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Students voice evaluation concerns

by Savanna Craig October 18, 2016
Students voice evaluation concerns

Confusion over whether Graham Carr will not have to undergo a review

Newly-appointed provost, Graham Carr, will not  be receiving a review for his previous position as VP of research and graduate studies as he enters his new role, a move which some students on senate were concerned about.

During a Concordia senate meeting on Oct. 7, former CSU academic and advocacy coordinator Marion Miller asked Concordia president Alan Shepard if an evaluation committee will be struck to review Carr. What Miller didn’t know when she posed the question was that it had already been decided that Carr would not undergo a review for his position as VP of research and graduate studies.

“He didn’t answer my question at all,” said Miller, adding that Shepard briskly stated, “you know the answer to that, Marion.” Miller said she genuinely did not know the answer to the question.

Sofia Sahrane, the CSU academic and advocacy coordinator, also tried to address the issue with her own questions, Miller said. Sahrane already had some insight on the subject, Miller said, including that an evaluation committee had been assembled but Carr would not be evaluated, since his role had just changed.

Miller said Sahrane specifically asked why Carr’s evaluation would not be taking place and how it was possible for a senior administrator to fulfill a top academic position for 10 years without a review.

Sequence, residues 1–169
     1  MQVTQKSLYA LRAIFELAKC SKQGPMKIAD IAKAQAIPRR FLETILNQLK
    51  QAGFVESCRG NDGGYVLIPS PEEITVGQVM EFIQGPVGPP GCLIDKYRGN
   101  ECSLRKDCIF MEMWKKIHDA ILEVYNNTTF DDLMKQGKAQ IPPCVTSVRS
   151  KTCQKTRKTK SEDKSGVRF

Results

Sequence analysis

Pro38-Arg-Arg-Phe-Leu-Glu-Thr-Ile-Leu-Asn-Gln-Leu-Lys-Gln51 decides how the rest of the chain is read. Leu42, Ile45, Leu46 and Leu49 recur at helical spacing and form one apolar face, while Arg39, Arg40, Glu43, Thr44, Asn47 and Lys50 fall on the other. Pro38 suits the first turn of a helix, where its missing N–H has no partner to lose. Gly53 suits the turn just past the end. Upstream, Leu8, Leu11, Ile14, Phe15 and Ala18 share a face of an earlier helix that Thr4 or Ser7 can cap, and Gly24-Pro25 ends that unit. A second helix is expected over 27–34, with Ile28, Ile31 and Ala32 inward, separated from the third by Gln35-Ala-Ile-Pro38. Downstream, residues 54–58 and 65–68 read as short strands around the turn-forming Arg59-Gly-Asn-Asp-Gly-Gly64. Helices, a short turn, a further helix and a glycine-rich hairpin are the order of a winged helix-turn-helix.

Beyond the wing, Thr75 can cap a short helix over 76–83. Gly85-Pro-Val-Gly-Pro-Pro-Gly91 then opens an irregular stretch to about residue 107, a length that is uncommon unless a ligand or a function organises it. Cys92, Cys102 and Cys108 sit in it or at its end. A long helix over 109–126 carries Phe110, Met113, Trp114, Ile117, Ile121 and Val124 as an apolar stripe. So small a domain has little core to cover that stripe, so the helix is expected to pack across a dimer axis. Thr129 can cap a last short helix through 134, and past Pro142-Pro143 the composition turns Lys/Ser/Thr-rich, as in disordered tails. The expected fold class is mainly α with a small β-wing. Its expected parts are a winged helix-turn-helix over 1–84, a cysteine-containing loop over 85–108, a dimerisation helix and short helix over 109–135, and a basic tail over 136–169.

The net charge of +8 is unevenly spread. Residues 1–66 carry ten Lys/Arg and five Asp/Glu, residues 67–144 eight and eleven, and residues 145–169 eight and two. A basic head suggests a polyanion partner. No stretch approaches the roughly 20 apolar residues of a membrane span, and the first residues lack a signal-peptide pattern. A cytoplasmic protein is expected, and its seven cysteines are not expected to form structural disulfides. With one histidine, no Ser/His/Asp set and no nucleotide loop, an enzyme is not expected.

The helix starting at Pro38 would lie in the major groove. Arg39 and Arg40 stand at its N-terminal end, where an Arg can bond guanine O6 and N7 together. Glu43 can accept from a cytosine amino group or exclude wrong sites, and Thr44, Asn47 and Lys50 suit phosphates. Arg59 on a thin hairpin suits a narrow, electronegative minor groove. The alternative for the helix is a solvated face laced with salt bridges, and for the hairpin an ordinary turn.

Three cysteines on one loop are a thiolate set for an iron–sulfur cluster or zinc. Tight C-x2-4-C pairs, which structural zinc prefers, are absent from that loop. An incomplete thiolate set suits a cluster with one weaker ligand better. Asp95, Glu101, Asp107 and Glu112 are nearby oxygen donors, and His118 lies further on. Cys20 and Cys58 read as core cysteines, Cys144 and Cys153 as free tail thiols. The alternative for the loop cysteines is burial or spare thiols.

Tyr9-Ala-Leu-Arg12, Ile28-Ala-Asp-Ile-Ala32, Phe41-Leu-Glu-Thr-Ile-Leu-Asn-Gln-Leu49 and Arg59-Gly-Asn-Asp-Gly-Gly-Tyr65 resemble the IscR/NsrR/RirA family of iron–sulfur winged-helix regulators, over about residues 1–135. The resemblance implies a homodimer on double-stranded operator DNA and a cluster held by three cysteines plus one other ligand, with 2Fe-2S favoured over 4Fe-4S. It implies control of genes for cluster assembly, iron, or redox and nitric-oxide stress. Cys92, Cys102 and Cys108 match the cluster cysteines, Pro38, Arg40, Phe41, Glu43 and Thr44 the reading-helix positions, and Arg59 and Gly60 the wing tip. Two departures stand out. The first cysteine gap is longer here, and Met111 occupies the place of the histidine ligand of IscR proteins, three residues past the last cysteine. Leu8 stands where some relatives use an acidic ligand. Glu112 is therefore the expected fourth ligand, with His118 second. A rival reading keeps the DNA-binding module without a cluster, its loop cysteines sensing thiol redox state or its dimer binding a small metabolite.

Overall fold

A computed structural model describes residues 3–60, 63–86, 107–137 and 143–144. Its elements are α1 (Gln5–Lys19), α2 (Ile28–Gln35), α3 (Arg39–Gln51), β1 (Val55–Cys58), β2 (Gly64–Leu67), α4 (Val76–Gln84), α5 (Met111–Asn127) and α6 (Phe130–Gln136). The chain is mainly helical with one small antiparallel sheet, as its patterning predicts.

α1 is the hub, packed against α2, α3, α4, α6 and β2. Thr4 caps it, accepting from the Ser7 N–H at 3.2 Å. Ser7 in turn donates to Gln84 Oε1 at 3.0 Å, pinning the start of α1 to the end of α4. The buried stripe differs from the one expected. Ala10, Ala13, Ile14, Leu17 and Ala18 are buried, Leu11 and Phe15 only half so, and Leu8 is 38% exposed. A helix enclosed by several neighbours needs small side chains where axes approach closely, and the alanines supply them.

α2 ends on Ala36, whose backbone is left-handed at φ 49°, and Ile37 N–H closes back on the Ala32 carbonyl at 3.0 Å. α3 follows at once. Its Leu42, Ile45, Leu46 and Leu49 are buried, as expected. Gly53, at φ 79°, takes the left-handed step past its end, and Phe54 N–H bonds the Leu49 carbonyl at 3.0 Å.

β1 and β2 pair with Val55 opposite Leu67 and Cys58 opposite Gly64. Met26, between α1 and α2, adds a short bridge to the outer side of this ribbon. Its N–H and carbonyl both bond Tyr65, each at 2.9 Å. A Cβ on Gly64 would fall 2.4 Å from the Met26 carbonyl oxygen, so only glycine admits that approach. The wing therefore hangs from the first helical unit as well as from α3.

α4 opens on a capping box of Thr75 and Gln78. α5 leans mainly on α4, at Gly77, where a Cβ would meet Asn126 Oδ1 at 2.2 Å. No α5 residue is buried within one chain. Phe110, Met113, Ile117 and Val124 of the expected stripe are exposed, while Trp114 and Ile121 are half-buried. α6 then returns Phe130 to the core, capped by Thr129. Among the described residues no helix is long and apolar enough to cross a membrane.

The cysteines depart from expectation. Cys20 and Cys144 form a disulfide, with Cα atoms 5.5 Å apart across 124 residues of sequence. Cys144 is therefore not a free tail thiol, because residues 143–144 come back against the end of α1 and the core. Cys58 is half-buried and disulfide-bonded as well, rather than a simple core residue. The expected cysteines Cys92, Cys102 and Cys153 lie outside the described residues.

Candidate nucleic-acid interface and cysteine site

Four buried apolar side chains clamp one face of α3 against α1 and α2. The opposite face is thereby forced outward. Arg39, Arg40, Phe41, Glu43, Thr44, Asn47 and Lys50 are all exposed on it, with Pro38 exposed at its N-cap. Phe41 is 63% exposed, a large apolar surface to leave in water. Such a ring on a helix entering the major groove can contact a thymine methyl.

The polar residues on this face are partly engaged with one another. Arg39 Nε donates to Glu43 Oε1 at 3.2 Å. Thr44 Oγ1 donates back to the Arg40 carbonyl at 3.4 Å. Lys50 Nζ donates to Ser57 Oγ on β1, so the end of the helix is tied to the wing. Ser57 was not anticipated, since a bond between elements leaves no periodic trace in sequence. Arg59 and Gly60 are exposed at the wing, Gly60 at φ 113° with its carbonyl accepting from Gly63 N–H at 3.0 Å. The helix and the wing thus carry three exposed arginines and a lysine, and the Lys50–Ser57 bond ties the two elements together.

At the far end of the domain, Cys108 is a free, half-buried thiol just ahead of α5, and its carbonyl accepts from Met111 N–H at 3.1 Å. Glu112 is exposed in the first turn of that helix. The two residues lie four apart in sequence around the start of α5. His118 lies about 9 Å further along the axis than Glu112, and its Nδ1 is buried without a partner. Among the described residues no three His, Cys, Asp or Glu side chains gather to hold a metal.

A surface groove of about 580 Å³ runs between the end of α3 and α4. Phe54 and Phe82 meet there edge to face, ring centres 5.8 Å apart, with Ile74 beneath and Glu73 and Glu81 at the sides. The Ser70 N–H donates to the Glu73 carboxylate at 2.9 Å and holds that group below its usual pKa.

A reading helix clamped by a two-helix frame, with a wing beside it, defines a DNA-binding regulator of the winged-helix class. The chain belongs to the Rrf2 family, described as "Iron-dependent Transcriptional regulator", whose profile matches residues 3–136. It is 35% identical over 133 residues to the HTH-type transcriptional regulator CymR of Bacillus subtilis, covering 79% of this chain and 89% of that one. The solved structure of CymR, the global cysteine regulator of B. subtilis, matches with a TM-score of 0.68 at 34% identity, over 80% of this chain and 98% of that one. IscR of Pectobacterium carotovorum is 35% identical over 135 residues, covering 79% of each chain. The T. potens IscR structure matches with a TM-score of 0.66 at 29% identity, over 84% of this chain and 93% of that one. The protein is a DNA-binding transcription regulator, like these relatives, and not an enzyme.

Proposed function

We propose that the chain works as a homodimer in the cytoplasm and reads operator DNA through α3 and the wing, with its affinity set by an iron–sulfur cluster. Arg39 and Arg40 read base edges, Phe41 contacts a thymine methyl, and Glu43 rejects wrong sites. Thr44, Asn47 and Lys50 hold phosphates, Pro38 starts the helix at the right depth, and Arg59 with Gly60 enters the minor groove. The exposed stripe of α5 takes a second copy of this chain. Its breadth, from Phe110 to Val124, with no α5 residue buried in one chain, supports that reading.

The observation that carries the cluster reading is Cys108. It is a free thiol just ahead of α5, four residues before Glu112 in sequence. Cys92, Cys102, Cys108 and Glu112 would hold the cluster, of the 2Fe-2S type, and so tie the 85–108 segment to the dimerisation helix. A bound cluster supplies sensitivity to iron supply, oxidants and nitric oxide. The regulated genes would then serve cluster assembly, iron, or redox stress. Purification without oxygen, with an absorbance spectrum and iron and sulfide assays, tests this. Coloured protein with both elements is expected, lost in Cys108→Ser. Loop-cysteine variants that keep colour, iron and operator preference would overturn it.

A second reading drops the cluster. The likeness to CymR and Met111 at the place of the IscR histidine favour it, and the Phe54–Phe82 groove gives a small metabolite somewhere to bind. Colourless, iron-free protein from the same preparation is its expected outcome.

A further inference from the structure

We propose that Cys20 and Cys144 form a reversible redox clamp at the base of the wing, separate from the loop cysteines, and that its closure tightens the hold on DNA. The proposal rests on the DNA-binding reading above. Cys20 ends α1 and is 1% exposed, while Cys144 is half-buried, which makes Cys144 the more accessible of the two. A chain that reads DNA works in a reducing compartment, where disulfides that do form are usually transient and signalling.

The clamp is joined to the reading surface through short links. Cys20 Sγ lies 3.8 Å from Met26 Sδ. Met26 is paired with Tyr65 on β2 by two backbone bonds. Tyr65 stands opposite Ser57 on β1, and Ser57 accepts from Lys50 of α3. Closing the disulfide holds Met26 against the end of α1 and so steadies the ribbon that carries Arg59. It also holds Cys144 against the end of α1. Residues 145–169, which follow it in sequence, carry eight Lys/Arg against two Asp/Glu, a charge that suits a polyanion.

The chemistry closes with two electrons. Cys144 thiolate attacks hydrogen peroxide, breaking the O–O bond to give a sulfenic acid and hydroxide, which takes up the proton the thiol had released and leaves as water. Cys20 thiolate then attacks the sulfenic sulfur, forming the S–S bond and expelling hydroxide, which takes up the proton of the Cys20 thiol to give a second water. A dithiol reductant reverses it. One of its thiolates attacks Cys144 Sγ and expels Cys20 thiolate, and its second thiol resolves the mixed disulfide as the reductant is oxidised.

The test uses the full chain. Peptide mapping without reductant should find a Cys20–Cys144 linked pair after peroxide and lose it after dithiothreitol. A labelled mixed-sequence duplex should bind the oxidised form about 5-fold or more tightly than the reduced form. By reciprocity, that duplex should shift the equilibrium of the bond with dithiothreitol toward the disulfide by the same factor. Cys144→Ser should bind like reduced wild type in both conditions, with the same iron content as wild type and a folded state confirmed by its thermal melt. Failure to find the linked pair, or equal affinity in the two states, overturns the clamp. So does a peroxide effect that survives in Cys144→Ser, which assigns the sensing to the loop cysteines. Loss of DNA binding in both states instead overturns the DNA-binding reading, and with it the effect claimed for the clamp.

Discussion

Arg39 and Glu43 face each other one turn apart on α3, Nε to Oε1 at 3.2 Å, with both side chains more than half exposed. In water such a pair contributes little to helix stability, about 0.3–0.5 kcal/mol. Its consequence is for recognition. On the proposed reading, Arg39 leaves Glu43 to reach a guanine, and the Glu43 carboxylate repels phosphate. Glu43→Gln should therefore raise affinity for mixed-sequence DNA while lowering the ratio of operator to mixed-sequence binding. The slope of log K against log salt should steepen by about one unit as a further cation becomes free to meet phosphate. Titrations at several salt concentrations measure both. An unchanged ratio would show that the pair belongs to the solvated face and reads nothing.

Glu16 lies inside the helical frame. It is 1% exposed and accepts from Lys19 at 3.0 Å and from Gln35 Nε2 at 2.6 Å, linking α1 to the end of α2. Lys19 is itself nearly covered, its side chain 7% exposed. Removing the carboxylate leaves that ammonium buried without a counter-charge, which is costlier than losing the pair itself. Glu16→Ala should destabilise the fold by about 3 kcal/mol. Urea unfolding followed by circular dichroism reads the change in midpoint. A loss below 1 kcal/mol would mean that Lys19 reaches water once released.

“I’m not saying that Graham Carr has done some problematic things in the past five years, but I think even for the best of the leaders and management it’s important to still have input and have a review,” Miller told The Concordian.

Concordia University spokesperson Chris Mota clarified that Carr nor anyone in this position would not need to undergo a review, as Carr is starting a brand new position.

Mota said Carr was not reviewed for his position as VP of research and graduate studies because he was leaving that position. “You don’t evaluate someone when they’re leaving, you evaluate them if they want to renew for a second mandate.”

She said the evaluations are either done at the end of the fourth or beginning of the fifth year of the mandate. “Graham chose not to seek renewal, he chose to go for the position of provost,” said Mota. “When you say ‘was there any review for that’ well you can’t review somebody when they’re entering a position, he hasn’t done the position, there’s nothing to evaluate.”

Regardless of Carr’s employment with Concordia since 1983, Mota said he was treated like any hire. She said for any job—he would have undergone a search process to see if he has the qualifications or not. “He earned the job,” she said.

“If he wants a second term as provost at the end of the fourth year or the beginning of the fifth of the current mandate that he’s in, he will be evaluated.” Marion said in regards to Mota’s comments, she wishes there was more input from the Concordia community in the appointing of Carr as provost.

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